Former center-right foreign minister Franco Frattini is far from the fray of Italian politics these days — he didn’t run in last week’s Italian elections and he’s currently a candidate to replace Anders Fogh Rasmussen as the secretary general of the North Atlantic Treaty Organization.
Nonetheless, Frattini (pictured above) spoke in Washington yesterday to the American Israel Public Affairs Committee as well as to a small audience at Johns Hopkins University’s School of Advanced International Studies, and amid a set of thoughtful remarks about Italy’s election and its post-vote gridlock, one remark stood out in particular — that Italy should revise its electoral law by adopting the system currently in use by France, a two-round system whereby deputies are elected in single-member constituencies.
When election results came in last Monday, despite pre-election polls showing that the broad centrosinistra (center-left) coalition headed by Pier Luigi Bersani would win, returns showed Bersani’s coalition doing poorer than expected. The broad centrodestra (center-right) coalition headed by former prime minister Silvio Berlusconi and the anti-establishment, anti-austerity Movimento 5 Stelle (M5S, the Five Star Movement) founded by blogger and activist Beppe Grillo, both polled much better than expected — so much so that Italy now has a hung parliament. A centrist coalition headed by outgoing technocratic prime minister Mario Monti placed far behind in fourth place.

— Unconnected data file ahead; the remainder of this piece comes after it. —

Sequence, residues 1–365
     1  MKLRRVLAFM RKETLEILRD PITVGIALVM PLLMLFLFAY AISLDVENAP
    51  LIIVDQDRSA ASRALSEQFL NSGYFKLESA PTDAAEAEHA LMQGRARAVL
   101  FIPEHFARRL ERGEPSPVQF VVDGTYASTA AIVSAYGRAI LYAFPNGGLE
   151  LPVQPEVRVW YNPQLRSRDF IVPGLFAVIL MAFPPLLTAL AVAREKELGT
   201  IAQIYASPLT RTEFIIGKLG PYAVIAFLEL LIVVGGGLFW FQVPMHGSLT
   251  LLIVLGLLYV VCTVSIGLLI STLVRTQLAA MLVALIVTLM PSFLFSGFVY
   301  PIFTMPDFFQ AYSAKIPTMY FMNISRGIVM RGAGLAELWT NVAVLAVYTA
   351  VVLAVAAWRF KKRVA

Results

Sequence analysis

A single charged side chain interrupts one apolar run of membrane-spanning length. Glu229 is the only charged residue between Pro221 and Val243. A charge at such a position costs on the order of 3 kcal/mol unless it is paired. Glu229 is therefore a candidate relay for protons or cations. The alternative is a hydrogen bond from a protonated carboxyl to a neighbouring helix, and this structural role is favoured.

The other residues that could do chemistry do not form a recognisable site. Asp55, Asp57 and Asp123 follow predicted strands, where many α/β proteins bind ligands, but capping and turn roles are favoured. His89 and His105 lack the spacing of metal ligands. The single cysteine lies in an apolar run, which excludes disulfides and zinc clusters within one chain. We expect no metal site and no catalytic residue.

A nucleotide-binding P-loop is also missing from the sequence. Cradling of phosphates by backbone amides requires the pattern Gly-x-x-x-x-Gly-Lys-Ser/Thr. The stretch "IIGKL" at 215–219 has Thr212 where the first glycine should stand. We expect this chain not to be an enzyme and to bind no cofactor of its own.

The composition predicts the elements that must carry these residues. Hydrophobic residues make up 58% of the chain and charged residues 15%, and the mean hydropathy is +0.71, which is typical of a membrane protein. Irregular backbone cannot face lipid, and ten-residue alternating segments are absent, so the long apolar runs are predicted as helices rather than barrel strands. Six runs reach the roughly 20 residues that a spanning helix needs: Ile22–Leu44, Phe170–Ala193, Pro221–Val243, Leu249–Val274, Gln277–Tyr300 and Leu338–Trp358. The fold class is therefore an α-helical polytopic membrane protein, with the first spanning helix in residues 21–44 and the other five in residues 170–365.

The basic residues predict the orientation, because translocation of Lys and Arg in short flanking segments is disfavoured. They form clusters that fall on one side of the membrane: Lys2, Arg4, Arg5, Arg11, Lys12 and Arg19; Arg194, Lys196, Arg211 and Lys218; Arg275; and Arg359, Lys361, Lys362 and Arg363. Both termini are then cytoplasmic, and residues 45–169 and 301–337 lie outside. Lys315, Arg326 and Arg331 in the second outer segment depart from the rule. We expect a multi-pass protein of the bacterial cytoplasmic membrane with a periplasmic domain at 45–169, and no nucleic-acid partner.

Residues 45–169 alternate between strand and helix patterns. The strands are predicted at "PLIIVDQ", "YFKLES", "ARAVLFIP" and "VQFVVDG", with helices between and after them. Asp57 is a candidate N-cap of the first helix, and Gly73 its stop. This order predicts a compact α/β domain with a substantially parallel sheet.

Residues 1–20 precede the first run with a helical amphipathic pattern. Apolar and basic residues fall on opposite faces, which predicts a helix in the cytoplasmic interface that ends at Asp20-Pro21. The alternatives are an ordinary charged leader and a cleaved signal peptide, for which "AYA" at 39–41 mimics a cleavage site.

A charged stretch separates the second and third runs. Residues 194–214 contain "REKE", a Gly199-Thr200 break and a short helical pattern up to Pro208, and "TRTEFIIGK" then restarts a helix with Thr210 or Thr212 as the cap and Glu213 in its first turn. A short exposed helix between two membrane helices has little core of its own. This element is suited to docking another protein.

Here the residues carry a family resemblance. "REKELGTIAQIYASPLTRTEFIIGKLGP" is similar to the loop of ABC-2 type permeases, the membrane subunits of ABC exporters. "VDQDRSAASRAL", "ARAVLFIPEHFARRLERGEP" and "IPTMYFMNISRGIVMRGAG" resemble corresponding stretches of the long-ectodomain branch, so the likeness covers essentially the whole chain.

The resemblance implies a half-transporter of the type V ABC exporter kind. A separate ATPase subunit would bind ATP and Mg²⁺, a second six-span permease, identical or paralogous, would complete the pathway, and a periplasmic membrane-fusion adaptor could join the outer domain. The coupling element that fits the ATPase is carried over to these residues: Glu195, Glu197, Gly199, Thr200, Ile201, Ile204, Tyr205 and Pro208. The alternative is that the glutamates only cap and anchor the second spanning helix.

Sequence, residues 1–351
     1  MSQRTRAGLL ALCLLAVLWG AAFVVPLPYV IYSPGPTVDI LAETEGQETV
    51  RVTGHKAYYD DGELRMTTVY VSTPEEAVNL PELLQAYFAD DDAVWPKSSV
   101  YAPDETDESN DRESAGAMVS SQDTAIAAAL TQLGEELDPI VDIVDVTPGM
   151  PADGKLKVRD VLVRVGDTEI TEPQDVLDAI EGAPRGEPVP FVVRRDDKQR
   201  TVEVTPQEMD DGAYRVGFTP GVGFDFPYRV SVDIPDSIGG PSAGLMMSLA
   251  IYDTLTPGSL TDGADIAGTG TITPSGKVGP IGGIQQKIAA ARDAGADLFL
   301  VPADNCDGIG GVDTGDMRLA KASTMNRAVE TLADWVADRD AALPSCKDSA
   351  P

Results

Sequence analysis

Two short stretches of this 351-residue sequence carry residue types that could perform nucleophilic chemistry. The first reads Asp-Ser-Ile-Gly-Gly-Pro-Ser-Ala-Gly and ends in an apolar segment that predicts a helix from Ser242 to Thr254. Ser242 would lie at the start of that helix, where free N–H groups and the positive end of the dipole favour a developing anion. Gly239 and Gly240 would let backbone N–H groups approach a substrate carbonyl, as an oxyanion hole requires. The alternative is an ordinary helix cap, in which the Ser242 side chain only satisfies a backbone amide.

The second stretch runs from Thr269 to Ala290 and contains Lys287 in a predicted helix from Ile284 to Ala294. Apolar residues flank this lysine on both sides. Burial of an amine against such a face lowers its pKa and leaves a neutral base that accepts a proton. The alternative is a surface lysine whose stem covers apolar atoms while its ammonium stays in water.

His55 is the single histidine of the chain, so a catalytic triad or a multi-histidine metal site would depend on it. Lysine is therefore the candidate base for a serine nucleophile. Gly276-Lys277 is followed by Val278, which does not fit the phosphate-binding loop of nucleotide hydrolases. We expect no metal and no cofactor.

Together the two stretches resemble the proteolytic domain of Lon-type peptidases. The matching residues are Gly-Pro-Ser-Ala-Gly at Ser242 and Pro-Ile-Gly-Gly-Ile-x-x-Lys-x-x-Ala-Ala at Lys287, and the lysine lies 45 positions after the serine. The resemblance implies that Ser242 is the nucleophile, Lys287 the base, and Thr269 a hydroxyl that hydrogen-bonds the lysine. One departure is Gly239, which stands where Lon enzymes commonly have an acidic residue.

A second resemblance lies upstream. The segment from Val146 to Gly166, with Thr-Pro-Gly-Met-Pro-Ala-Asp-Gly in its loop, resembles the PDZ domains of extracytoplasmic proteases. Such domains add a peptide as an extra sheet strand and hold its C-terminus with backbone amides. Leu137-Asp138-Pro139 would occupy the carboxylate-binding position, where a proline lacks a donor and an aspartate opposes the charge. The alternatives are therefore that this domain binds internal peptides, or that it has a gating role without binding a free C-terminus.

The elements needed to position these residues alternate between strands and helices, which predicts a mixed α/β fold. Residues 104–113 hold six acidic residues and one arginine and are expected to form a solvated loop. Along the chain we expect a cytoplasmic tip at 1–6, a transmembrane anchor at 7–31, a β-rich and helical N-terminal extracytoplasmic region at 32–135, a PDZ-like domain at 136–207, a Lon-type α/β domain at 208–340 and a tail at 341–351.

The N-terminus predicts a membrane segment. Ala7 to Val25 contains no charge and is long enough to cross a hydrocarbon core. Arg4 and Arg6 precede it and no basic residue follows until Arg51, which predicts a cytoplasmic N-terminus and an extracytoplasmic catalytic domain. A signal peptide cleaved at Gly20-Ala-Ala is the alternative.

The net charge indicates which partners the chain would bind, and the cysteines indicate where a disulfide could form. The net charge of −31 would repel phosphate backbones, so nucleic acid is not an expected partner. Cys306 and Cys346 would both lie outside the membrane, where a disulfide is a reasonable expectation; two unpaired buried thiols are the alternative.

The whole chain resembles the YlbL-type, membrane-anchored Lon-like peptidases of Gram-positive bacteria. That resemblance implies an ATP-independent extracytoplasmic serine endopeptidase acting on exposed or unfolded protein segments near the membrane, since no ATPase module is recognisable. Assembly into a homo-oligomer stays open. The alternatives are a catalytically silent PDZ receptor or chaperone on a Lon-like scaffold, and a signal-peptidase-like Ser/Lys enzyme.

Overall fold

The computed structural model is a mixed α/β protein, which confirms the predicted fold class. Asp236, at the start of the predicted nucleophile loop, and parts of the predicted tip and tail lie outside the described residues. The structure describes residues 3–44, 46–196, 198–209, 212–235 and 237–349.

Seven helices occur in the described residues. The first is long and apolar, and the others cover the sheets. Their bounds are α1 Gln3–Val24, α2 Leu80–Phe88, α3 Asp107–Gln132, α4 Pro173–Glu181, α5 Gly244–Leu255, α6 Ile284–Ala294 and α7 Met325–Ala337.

A ‘winner bonus’ for Bersani in Italy’s lower house, Camera dei Deputati (House of Deputies), based on the fact that his coalition (just barely) won a greater number of votes than any other coalition or party, means that the center-left will command a 340-seat absolute majority in the Camera.
But because seats are awarded on a regional basis to Italy’s upper house, the Senato (Senate), no one emerged with anything close to a majority — and it became clear that even a widely mooted Bersani-Monti coalition would fall far short of a majority.
So election law reform has become a top-shelf issue in the wake of last week’s elections, not only because of the inconclusive result last week, but because it’s one of a handful of items that both Grillo and Bersani, the leader of the center-left Partito Democratico (PD, Democratic Party), agree upon, so reform could be a key element of any agenda that a short-term Bersani-Grillo alliance might enact before a new election.
Even members of Berlusconi’s Popolo della Libertà (PdL, People of Freedom) want to reform the election law, and even Roberto Calderoli, who pushed the law through the Italian parliament, has called it a ‘porcata,’ a pig’s dinner.
But agreeing that the election law is a mess and agreeing on a new law are two different things.
So what have Italy’s three most recent voting systems — the postwar open-list proportional representation system, the mixed, mostly first-past-the post system adopted in 1993, and the closed-list proportional representation system (with a ‘winner bonus’) adopted in 2005 — historically meant for stability or chaos in Italy’s parliament?
How does the French system vary from Italy’s current system?
And how would a French system work in Italy?